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Rapid Fire Reviews: Becca Smith, Ashes of Old Ways

Becca Smith – I-26

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Born and raised here in South Carolina, Becca Smith was only 8 years old when she put pen to paper and wrote her first song. After a flurry of performances through her high school and elsewhere, Smith took a break for college, but is now returning to music in earnest with her debut album I-26.

The album is loaded with Lonestar country, taut with melodies both upbeat and somber, laced with withdrawn, intimate lyrics. “The Murder Ballad of Francie Lou” certainly hones in on those storytelling skills with a Bonnie & Clyde-esque outlaw couple on the lam. The song’s signature piano is played fast and loose as if a saloon player has just downed his third shot of whiskey, and the additional musical accompaniment just follows suit.

Tracks like “This Way” lean on harmonies and bright acoustic plucking as the scolding and forgiving love song reminds the listener of how forgiving and blinded we can be when we love someone to the point of stupidity and believe them when they say, “I was always this way.” The emotional sincerity and real chemistry of the singing here is reminiscent of The Swell Season.

Switching gears, “Let The Kids Out” talks about the underlying issues of troubled kids. Smith croons like a self-assured folk singer, “Everyone can make a change…whose to say we aren’t all insane.” The sentiment leans toward that cold hard truth of the world we live in and reminds me conceptually of Jewel’s 1998 “Hands”.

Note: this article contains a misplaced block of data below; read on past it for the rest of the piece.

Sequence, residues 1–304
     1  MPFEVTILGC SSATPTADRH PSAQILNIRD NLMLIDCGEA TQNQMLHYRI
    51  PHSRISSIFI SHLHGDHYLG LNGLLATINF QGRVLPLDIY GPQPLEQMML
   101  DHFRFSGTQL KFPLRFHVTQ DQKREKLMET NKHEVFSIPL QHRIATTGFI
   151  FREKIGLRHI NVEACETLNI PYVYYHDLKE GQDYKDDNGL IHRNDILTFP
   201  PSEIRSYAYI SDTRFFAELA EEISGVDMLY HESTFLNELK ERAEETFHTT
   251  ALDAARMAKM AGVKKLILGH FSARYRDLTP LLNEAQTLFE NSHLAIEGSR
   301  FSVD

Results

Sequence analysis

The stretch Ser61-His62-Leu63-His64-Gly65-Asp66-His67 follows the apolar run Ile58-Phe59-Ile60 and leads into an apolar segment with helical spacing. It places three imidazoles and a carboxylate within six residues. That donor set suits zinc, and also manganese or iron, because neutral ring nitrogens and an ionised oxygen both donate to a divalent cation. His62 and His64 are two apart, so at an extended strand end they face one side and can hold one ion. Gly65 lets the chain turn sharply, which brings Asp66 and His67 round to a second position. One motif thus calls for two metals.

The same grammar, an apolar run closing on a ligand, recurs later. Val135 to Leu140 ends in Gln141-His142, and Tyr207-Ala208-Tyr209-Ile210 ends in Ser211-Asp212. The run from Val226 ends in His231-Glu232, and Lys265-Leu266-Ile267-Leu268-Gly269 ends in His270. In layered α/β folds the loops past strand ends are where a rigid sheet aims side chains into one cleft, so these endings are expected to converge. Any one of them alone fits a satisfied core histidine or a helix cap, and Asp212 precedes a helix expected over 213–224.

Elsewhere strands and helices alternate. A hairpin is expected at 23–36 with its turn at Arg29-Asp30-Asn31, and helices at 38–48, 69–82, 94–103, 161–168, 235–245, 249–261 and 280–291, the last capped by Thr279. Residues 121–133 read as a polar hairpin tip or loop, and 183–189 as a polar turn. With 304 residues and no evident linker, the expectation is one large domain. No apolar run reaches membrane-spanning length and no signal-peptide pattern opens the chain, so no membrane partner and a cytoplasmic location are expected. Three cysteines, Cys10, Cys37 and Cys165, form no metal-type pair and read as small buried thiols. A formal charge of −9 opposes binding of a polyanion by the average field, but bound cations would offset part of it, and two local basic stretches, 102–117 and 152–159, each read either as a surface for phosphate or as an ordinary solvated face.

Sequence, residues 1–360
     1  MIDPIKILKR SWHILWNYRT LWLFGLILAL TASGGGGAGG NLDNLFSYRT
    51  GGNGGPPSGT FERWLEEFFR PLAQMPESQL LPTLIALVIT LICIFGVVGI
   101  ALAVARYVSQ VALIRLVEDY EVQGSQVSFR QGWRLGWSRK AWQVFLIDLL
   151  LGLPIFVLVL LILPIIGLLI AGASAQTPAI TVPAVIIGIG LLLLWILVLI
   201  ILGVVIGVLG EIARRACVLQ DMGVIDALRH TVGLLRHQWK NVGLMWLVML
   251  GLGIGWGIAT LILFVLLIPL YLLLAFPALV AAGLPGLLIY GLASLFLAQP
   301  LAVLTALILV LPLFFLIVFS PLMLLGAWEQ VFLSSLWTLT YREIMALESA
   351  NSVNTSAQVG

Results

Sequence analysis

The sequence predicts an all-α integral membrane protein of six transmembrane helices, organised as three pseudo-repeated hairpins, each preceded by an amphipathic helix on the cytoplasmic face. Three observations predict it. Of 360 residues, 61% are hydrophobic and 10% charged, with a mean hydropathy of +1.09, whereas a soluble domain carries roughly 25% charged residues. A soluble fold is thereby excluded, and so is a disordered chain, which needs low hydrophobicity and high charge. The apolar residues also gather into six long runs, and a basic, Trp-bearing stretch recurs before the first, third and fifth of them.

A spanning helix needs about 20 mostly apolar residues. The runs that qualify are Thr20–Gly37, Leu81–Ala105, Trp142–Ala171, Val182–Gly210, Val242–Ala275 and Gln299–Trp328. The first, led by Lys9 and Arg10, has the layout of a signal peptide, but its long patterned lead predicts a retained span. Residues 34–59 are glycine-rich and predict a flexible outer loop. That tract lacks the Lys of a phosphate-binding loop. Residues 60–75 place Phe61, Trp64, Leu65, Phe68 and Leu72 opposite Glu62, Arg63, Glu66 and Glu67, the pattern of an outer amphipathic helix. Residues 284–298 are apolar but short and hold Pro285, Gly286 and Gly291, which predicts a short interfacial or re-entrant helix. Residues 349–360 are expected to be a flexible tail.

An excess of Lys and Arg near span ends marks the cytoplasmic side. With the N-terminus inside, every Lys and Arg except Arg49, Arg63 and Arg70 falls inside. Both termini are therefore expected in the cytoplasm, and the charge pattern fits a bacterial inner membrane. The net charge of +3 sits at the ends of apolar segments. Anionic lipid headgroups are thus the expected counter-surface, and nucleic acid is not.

Her overall effort was awarded “Singer-Songwriter of the Year” by Charleston City Paper last year, and for good reason. She might very well be that artist that gets off of I-26, out of this town, and into the national spotlight.

Find it: beccasmithmusic.com

 

Ashes Of Old Ways – From the Ashes

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Folly Beach fostered the development of 6-piece band, Ashes of the Old Way and it shows. Between smoky guitars and vocals that meld as a tasteful thread into the blanket of their fierce but laid back classic rock-and-roll approach you can’t help but place yourself at a beach bonfire.

Their 3 part harmonies are the highlight of tracks like “Cover Me” and are a common thread throughout their catalog. With an acapella intro that hooks the listener from point one it can only be embellished with long guitar solos. Lyrically laying out a map of metaphorical journeys over mountains with a devil on their back, “So long I’ve been riding alone/So long from the way it used to be”. Overall it begs their love to be there to take care and cover them when internally they are falling apart.

The heartbreak theme continues with “Jackie Wants a Black Eye” which reaches a knife turning conclusion, “We’re all in this together as we all fall apart…swallow little pieces of our broken heart” but the overall live delivery is enthralling and exciting in it’s own right.

“High Time for a Change” follows more along the country vein with layered steel guitar and acoustic locomotive acoustic. The devil doesn’t quite go to Georgia but between the: showcased falsetto, harmonies, Emma Kate Mclain’s feature, and the dusty Oregon Trail musical viewpoint it would be strange if you didn’t in your minds eye see horses kicking up dust.

Overall, Ashes of the Old Way are at their brightest when performing live which is evident with their recent television performance for Columbia’s ABC “Lowcountry Live”. Whether diving into their 2016 self-titled, self-released album or indulging in their latest releases you should definitely invest in a ticket to one of their shows.

Find It: Ashes of Old Ways

 

 

 

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